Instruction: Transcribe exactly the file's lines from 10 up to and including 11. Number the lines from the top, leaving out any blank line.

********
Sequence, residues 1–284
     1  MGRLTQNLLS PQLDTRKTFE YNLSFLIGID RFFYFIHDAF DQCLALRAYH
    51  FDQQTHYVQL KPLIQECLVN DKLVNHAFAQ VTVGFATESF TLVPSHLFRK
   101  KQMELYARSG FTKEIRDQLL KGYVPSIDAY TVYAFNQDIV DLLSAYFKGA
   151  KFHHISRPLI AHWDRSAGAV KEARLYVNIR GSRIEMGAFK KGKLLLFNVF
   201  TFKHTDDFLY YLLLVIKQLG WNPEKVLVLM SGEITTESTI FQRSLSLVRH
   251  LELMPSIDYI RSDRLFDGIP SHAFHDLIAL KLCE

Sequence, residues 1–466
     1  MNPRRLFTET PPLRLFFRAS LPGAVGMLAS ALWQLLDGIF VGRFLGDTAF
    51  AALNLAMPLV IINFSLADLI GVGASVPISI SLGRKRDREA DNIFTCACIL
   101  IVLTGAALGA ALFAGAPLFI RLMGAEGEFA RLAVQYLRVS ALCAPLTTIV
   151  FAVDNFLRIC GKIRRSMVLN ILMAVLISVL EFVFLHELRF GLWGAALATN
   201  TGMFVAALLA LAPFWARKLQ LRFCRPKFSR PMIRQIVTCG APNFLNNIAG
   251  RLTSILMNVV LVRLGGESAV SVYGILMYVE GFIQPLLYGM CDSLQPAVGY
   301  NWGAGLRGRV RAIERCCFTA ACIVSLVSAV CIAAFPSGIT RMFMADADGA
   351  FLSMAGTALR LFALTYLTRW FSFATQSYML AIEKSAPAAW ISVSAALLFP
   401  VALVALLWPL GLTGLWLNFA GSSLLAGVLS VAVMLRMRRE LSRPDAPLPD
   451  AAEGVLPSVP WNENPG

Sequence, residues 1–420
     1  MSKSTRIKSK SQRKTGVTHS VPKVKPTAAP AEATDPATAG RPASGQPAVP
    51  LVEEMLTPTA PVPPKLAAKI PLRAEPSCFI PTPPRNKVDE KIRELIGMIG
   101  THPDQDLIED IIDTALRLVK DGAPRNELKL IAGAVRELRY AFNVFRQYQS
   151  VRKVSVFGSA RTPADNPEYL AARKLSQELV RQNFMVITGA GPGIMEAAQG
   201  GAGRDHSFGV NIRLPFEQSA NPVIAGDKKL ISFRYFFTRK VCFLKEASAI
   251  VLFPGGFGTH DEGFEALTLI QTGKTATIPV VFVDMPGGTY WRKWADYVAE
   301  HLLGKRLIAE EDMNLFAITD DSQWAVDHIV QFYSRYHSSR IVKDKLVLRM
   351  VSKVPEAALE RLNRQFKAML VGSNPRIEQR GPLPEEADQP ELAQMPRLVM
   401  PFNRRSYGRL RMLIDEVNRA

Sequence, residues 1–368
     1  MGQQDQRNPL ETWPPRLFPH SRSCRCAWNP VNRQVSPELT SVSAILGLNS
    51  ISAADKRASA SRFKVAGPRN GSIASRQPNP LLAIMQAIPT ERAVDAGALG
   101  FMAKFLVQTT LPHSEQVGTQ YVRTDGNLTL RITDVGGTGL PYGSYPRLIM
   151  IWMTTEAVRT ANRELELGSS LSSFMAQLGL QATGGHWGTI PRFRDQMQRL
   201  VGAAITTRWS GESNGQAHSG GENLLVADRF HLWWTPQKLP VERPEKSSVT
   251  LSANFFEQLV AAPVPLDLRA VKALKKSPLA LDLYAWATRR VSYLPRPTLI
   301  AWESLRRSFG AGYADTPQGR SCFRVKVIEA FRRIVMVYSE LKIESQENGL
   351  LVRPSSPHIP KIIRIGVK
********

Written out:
    51  AALNLAMPLV IINFSLADLI GVGASVPISI SLGRKRDREA DNIFTCACIL
   101  IVLTGAALGA ALFAGAPLFI RLMGAEGEFA RLAVQYLRVS ALCAPLTTIV